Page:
We leave Utah on Tuesday the 7th and arrive in Cambodia (via Hong Kong! YAY!) on Wednesday the 9th, so we will pretty much miss my birthday while in transit. We will spend an hour of it in the airport in LA and an unknown number of hours on the plane before we cross the international dateline and my birthday ends early, but I am okay with that. I think it's really fun actually. The Cambodian elders have been charged with making sure I get to try some really good new fruit once we get to Cambodia if we can't find a Vietnamese-speaking fruit seller, and my companions gave me a really nice 0.20 mm pen as an early birthday present (because I like to write tiny and I hate it when my pens can't handle it). This is an awesome birthday already. I don't care if I'm basically skipping over it; I'm going to Cambodia!
Our teacher situation is continuing to switch around on us. It's been really good though. Co Huong and Thay Chung are both really fun. A while ago we told Co Huong about one time when Thay Kiet told us he could carry out an entire conversation in Vietnamese while brushing his teeth, so she decided to try to one up him and say she could speak Vietnamese without even opening her mouth. Then she did it. Her vowels were hard to distinguish, but Thay Kiet apparently can't use the letter 'm' in his conversation, so I'm not sure who wins. Thay Chung has picked up some Vietnamese, and his favorite term is 'khong sao' which means something along the lines of 'it's okay' or 'nevermind' but he uses it for everything. Now it's one of our favorites too because when he first heard us say it he started laughing and asked what it meant in Vietnamese because in Cambodian it means 'don't be tired' but only in Siem Riep. Anywhere else in Cambodia it's nonsense, but in Siem Riep it's 'don't be tired.' We all think it's hilarious, so now whenever we use it we say, "Khong sao. Don't be tired."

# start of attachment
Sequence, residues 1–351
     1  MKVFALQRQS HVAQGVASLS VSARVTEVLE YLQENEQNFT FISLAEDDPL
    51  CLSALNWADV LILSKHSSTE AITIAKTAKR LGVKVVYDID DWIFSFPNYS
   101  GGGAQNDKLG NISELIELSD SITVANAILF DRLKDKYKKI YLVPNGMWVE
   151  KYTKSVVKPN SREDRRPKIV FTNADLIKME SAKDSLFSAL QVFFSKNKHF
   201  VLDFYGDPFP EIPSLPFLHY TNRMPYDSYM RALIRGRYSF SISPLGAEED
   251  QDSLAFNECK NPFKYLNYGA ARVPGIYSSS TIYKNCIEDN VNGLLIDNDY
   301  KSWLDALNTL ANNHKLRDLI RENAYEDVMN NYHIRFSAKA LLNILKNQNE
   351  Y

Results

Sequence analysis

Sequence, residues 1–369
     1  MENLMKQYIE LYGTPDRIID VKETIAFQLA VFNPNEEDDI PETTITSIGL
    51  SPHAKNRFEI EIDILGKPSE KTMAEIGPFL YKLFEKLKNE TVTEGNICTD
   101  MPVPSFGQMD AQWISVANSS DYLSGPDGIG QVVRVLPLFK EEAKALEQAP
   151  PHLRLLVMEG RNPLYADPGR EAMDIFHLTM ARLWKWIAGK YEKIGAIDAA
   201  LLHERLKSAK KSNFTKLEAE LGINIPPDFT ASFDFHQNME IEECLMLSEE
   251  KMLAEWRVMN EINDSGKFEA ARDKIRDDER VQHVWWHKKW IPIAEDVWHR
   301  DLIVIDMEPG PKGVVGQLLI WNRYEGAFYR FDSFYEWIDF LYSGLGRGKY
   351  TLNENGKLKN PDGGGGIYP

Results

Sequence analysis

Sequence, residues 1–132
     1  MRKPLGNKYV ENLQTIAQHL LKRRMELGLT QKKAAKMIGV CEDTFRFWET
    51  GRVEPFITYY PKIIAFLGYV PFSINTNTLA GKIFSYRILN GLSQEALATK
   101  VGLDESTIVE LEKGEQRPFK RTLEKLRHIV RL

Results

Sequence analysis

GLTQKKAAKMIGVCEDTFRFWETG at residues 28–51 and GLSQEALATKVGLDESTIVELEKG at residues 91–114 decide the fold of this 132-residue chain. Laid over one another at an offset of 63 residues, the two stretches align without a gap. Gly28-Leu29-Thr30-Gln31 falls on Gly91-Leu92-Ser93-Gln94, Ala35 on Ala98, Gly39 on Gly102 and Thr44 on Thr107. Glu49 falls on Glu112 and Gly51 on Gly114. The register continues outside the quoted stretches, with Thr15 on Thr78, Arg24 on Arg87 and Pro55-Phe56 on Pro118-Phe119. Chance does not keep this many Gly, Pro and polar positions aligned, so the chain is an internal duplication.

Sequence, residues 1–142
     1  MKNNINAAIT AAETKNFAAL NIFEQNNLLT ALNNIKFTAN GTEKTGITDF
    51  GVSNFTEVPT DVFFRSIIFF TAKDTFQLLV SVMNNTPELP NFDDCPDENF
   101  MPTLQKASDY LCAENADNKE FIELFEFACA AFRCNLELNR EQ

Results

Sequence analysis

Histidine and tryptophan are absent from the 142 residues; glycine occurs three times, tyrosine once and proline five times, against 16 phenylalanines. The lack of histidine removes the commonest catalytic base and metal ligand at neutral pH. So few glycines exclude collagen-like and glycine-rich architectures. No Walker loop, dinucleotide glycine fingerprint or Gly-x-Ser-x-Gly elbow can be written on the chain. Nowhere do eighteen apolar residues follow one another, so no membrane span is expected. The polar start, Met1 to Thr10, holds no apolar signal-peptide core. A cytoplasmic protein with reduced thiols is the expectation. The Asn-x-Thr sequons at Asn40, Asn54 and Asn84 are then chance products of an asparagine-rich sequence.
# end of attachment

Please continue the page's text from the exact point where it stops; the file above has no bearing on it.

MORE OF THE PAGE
Yesterday at the beginning of class, a teacher we didn't know joined us. Thay Chung told us it was our new teacher who had served in Cambodia Vietnamese-speaking. I knew he was lying. I knew this because I had tried to speak Vietnamese to this teacher in the hallway when he came in while I was waiting for one of my companions. He did not respond to Vietnamese, plus he walked right past the Vietnamese flag and apparently didn't realize that was the classroom he was looking for. He did respond to Korean, however, and thus Thay Chung was caught in his lie. Chi Dao told him that if he ever wants a Korean teacher to pass as a Vietnamese teacher, he had better first make sure that no one in the class knows Korean.
We really did get a new teacher though. Towards the end of class another teacher we didn't recognize joined our class, so we had three teachers in the room last night. I knew we were getting a new one at some point because Co Huong had told me, so I tested him by asking him in Vietnamese what his name was. He answered in Vietnamese, so I knew that this one was in fact our new teacher. His name is Thay Quan and he served in Houston, but that's pretty much all I know.
We're going to Cambodia!